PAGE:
Saturdays used to be my long run day. Since getting injured, I have slowly transformed them into yoga days.
I am very new to yoga. I have always been hopelessly inflexible, never coming close to a split even after twelve years of ballet. Running made my muscles even tighter, and my addiction to the adrenaline of high-intensity cardio made yoga seem like a slow, prolonged form of torture. Needless to say, I gave up rather easily.
But then I found myself unable to run, and I needed a place to focus my energy. I craved an outlet for it. So I slid my old beginner’s vinyasa DVD into my laptop, set up a towel on my living room floor, and sat down in front of the screen.
“Breathe in. Breathe in the energy from the earth through your sit bones, from the sky through the crown of your head. Breathe out the stress, the worries, the pain you might feel.”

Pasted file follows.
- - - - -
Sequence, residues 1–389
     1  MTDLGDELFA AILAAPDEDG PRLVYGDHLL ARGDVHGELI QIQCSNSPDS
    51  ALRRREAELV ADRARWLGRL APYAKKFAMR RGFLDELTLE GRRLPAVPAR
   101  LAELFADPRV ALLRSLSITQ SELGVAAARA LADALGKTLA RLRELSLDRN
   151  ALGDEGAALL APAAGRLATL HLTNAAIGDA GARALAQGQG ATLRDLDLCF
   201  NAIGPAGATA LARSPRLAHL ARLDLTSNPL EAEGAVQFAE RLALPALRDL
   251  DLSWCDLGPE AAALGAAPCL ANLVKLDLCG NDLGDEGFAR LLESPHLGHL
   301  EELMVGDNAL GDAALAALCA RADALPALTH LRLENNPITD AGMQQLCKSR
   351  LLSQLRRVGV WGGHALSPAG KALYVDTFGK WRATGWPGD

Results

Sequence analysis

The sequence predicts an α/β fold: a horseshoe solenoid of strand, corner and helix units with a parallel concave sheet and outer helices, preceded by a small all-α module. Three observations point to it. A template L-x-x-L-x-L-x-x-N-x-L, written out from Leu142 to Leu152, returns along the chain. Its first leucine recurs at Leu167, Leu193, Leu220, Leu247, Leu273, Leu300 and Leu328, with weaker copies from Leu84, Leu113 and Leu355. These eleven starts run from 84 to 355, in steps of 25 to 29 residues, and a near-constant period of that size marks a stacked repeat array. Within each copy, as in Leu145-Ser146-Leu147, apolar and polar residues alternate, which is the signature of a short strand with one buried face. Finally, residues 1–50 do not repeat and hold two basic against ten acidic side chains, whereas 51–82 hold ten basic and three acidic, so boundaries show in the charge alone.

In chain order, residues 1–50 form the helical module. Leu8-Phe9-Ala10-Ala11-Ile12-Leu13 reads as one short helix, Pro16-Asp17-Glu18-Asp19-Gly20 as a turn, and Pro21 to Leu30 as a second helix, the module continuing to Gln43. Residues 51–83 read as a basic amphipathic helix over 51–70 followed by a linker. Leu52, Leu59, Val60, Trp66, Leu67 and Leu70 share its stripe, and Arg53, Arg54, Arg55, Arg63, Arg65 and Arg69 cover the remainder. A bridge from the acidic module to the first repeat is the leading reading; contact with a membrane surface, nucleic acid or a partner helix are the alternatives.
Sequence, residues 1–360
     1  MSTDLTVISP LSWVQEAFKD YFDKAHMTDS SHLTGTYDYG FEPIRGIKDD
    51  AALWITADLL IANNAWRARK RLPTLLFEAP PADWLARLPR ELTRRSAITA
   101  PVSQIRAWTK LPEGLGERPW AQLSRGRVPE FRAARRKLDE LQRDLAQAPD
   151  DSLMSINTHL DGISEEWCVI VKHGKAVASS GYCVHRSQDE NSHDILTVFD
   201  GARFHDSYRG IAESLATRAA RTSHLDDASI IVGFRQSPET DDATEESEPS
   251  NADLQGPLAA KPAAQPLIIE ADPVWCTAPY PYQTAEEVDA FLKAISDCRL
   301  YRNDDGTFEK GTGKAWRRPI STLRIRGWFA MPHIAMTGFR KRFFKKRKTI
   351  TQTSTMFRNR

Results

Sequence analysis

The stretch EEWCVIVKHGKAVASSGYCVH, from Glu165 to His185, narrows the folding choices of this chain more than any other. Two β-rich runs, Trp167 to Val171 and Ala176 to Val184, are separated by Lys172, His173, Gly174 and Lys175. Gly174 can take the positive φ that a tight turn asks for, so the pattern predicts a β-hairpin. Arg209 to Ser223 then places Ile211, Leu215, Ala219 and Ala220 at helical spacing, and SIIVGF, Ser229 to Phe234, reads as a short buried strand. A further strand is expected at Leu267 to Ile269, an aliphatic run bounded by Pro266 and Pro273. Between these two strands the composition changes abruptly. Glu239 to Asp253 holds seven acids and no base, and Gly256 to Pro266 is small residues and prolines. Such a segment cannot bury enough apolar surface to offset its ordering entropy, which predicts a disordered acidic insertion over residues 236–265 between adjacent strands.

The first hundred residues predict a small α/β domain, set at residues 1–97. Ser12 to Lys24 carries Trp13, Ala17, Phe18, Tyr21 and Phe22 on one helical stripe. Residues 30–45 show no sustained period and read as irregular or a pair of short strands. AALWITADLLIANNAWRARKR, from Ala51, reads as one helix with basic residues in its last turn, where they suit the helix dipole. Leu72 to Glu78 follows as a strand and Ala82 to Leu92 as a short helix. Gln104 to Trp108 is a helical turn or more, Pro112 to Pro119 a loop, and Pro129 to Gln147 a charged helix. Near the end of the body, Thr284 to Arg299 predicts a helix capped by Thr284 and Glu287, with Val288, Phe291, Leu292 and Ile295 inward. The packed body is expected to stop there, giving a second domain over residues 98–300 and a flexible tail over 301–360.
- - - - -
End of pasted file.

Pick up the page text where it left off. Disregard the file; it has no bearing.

I’ve never been one for new-agey meditation, but at that particular moment, I believed those words could help me.
And so I awkwarly transitioned from pose to pose, my mind centered on my alignment, my breath, my strength (and sometimes lack thereof). As I laid in Savasana, I could not locate any pain in my knees.
I felt I was on to something.
Running has many benefits. But it is also hard on the body, pounding twelve times our body weight into the ground with each of the 1750 strides we take per mile. Of course there are many intense yoga poses and flows (I certainly won’t be balancing on my head any time soon). But I’ve learned to love how accessible it is – with a bit of trial and error, there can be a style of yoga for each and every person, for each and every need.
I might be one of those people that isn’t meant to run. But I am coming to realize that everyone may be meant for yoga, me included. And today, I’ve finally decided that it’s time to leave my living room and brave a real class. I haven’t felt such nervous excitement since running left my life.
I really do think I’m on to something.
Do you practice yoga?